2.3.3 - Natural astronomical observatory for the study of the tides.

The particular layout of an island, and of its two lateral channels, proves to have the function of an astronomical observatory, for the study on how the tides are generated.


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prologue > index tides > 2.3 The cumulative dissipative cycle in water.

2.3.1 The cumulative dissipative cycle in water.
2.3.2 The test Z takes shape.
> 2.3.3 A natural astronomical observatory for the tides.
2.3.4 The test Z: amplifying a hidden phenomenon.
2.3.5 The water figures.
2.3.6 Density waves.
2.3.7 Other significant cases.
2.3.8 Ordinary waves and density waves.
2.3.9 For a man-made astronomical observatory for the tides.


Point of observation.

With the set of assumptions of the previous two pages, I chose, as an observation point, the place that seemed most suitable to me: not too far from where I live, and with limited traffic of boats.

It is the lagoon of Lusenzo, located south of the Union island, between Chioggia and Sottomarina, not far from Venice.

The place I chose, to observe the behavior of water, turns out to have a crucial feature for this type of research.

In this lagoon, the water is not stagnant, but is sometimes kept as still as possible. In fact, the water that comes from the sea, and then flows to it, does it through the two channels located on the two sides of the island.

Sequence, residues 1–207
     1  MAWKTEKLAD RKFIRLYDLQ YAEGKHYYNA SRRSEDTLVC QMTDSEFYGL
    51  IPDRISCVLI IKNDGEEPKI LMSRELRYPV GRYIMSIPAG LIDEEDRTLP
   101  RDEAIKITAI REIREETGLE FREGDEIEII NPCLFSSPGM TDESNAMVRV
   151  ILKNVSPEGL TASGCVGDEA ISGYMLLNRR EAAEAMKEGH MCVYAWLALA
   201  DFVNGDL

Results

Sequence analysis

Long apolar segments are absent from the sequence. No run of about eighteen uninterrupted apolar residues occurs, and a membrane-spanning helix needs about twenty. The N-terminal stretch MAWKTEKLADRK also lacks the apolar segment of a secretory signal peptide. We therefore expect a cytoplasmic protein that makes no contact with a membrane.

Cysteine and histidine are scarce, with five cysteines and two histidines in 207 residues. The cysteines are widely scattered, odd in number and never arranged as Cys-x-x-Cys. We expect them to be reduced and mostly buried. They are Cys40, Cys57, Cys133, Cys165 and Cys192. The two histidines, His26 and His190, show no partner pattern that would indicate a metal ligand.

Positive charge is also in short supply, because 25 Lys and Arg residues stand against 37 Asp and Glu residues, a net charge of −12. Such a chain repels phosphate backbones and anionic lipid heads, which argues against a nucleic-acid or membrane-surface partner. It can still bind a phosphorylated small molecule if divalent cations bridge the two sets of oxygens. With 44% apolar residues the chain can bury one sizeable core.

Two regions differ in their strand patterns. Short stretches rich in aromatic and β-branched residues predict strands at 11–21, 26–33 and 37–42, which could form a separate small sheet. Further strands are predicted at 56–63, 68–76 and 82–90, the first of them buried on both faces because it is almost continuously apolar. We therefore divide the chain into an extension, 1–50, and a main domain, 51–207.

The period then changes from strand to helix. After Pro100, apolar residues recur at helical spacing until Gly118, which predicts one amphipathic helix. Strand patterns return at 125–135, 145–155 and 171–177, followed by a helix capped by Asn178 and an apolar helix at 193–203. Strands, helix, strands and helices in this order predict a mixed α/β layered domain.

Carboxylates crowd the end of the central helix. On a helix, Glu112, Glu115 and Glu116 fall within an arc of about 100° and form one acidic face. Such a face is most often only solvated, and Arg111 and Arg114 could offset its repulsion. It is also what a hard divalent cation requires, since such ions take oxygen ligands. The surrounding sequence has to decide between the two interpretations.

Thanks to the shape of the basin, as the tide changes, water remains for several hours as uncertain as to which channel to pass, either through # 1, or # 2.

In practice, for several hours a day, most of the molecules tend to minimize the movement relative to the surrounding matter. It just moves vertically, and very slowly.

Two of the conditions of the test Z.

Two conditions of the test Z may be met, although rarely: that numerous water molecules are stationary relative to the Earth; and that, at the same time, the same molecules move at one of the critical angular velocities relative to the Moon, for a time long enough to reveal the mechanism, otherwise hidden, through which the tide is generated. By variation of the water density.

The density diminution of many water molecules, at the same time, then manifests itself as “water figures”, arranged in more or less ordered grids.

Series of observations on the behavior of water.

All this led me to consider that the lagoon south of Lusenzo is a natural astronomical observatory, for the study of tides, despite its shortcomings.

The observation program, aimed at identifying discontinuous events in water, started in March 2005. It was then stopped almost entirely in 2011, taking note that some characteristics of the place, chosen for the observations, did not allow, more often than not, the running of the program.

Later, on page 2.3.9, I suggest the characteristics that a place should have, to be considered suitable for the study of how the tides are generated.